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Russia’s Isolation Spurs Rethink in China

As Moscow grapples with the swift effects of economic sanctions, Beijing looks toward self-sufficiency.

Palmer-James-foreign-policy-columnist20
James Palmer
By , a deputy editor at Foreign Policy.
Chinese President Xi Jinping drinks a cup of water during the second plenary session of the National People's Congress in Beijing on March 8.
Chinese President Xi Jinping drinks a cup of water during the second plenary session of the National People's Congress in Beijing on March 8.
Chinese President Xi Jinping drinks a cup of water during the second plenary session of the National People's Congress in Beijing on March 8. LEO RAMIREZ/AFP via Getty Images

Welcome to Foreign Policy’s China Brief.

The highlights this week: Russia’s economic isolation raises concerns among Chinese officials, Chinese diplomat Zhao Lijian backs conspiracy theories about U.S. bioweapons in Ukraine, and Beijing sets its lowest GDP growth target for 25 years.

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Welcome to Foreign Policy’s China Brief.

The highlights this week: Russia’s economic isolation raises concerns among Chinese officials, Chinese diplomat Zhao Lijian backs conspiracy theories about U.S. bioweapons in Ukraine, and Beijing sets its lowest GDP growth target for 25 years.

If you would like to receive China Brief in your inbox every Wednesday, please sign up here.


Beijing Watches Moscow’s Economic Disaster

As the Russian economy goes up in flames, Beijing is wondering what Moscow’s increasing isolation means for its own future—and what it can take from the pyre without getting its hands burned.

One of the Chinese leadership’s chief concerns is food. Russia and Ukraine are both major wheat producers, and Chinese President Xi Jinping this week called for China to reduce its dependence on foreign agricultural markets, saying that the “the rice bowls of the Chinese people must be filled with Chinese grain.” This is a long-term concern for the Chinese Communist Party, which is acutely aware of the country’s history of famine and the embarrassment incurred by the communist world’s dependence on Western grain during the first Cold War.

China’s target for self-sufficiency is to produce 95 percent of grain consumed, but in the last few years that number has been just over 80 percent. Xi seems particularly concerned about the issue, repeatedly pushing for greater agricultural autarky. But one persistent problem is that the general public perceives food imports as higher-status and safer than domestic products. (Chinese bought record amounts from countries such as Japan during the pandemic.)

Navigating sanctions is another key concern for China. Several of the sanctions tools the United States has used against Russia, such as the Foreign Direct Product Rule and more aggressive use of the export control list, were sharpened in use against Huawei and other Chinese firms. That has helped make the sanctions against Russia devastatingly effective; it also provides models that Washington could use against Beijing on a larger scale in the future. Chinese media has emphasized the costs of sanctions for the West, rather than their effects on Russia.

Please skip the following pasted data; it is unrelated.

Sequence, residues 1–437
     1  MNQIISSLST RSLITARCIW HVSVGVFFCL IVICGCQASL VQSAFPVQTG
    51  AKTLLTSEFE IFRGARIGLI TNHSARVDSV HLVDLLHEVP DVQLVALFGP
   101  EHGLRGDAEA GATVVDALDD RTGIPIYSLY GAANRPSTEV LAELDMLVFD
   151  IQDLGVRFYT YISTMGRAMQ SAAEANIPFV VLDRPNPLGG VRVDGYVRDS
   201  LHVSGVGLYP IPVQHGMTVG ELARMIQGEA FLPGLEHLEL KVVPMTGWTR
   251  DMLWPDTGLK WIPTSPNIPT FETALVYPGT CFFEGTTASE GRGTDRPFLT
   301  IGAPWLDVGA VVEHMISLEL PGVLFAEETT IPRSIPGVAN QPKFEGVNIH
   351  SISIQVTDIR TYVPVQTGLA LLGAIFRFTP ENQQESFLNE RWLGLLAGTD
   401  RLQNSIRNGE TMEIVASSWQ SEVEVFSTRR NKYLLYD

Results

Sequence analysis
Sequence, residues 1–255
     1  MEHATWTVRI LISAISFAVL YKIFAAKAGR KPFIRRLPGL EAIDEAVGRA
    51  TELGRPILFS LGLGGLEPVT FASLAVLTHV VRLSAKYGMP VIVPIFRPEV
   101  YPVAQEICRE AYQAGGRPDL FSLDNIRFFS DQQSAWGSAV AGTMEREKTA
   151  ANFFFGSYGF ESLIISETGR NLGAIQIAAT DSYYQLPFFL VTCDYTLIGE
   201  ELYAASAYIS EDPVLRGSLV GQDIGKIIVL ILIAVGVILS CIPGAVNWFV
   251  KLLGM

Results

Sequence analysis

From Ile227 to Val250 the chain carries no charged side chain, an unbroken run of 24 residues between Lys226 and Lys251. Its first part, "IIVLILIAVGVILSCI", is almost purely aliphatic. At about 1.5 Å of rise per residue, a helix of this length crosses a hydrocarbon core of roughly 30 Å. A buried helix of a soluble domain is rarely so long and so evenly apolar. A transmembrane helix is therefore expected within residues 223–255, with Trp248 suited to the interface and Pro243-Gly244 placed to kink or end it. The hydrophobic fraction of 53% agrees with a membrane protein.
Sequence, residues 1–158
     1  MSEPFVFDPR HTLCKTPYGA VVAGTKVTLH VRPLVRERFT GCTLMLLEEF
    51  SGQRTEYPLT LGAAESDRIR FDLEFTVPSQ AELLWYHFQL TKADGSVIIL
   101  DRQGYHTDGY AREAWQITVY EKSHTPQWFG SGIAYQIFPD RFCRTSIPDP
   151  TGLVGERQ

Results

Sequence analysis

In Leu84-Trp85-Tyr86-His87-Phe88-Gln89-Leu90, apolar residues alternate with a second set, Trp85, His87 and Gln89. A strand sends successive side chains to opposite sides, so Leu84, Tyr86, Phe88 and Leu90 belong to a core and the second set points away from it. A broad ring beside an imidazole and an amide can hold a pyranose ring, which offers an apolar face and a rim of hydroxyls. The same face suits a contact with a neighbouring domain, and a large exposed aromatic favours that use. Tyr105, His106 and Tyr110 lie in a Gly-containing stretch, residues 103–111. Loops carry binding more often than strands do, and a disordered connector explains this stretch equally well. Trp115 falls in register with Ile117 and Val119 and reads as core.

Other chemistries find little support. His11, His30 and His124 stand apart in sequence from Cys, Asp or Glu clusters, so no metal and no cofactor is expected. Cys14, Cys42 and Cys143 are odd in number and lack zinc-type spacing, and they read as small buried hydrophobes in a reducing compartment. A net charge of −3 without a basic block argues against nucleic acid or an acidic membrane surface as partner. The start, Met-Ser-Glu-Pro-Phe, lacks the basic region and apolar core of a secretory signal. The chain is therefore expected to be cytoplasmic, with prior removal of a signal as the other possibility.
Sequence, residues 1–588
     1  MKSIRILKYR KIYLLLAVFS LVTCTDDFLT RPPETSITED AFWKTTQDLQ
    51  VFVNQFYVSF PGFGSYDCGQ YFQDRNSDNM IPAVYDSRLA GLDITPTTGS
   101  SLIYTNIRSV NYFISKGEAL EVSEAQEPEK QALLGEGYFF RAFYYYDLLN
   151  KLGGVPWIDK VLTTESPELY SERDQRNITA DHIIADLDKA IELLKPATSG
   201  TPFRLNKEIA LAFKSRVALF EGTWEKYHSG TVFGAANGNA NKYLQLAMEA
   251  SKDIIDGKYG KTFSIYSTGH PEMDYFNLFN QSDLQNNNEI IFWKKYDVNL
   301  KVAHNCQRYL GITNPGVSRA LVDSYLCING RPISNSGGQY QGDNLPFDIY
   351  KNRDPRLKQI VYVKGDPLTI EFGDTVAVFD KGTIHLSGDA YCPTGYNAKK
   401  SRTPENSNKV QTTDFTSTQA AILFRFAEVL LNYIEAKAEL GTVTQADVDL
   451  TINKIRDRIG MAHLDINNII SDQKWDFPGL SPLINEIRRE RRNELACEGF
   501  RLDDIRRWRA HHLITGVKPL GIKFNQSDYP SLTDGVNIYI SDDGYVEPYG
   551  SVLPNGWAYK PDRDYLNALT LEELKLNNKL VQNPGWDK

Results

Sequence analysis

To be sure, the volume of Chinese trade with democratic countries is much higher than Russia’s. A debate that will likely play out inside the Chinese political system is between those advocating greater autarky to weather potential contests with the United States and those who call for more entanglements to make it harder for the West to use such tools. Given the prevailing xenophobia in China, I suspect the first will win.

But for the moment, even as China tries to make the deals it can to grab Russian energy and wheat on the cheap, Chinese banks are nervous about crossing the sanctions line. They still need to be able to deal in U.S. dollars, after all. U.S. Secretary of Commerce Gina Raimondo has issued a clear redline to Chinese technology firms that might seek to supply Russia, warning that they will be cut off from the services and supplies they need to continue operating.

Such warnings will speed up existing plans to create systems that aren’t dependent on Western standards, such as the attempt to remove Microsoft Windows software from Chinese government computers. But these efforts have been ongoing since at least 1986, when China launched its 863 program to wean itself off dependence on foreign technology. The process has produced some domestic successes, but it has proved difficult in practice; the attempt to swap Windows for the Kylin operating system has been going since 2001, for example.

Yet all this should ring alarm bells for any Western firms judging risk in China. As Russia has dramatically shown in the last two weeks, supposedly unthinkable breaks with the rest of the world can happen very fast when geopolitics comes into play. And it becomes even more likely when domestic politics reward fervent nationalism instead of long-term thinking.


What We’re Following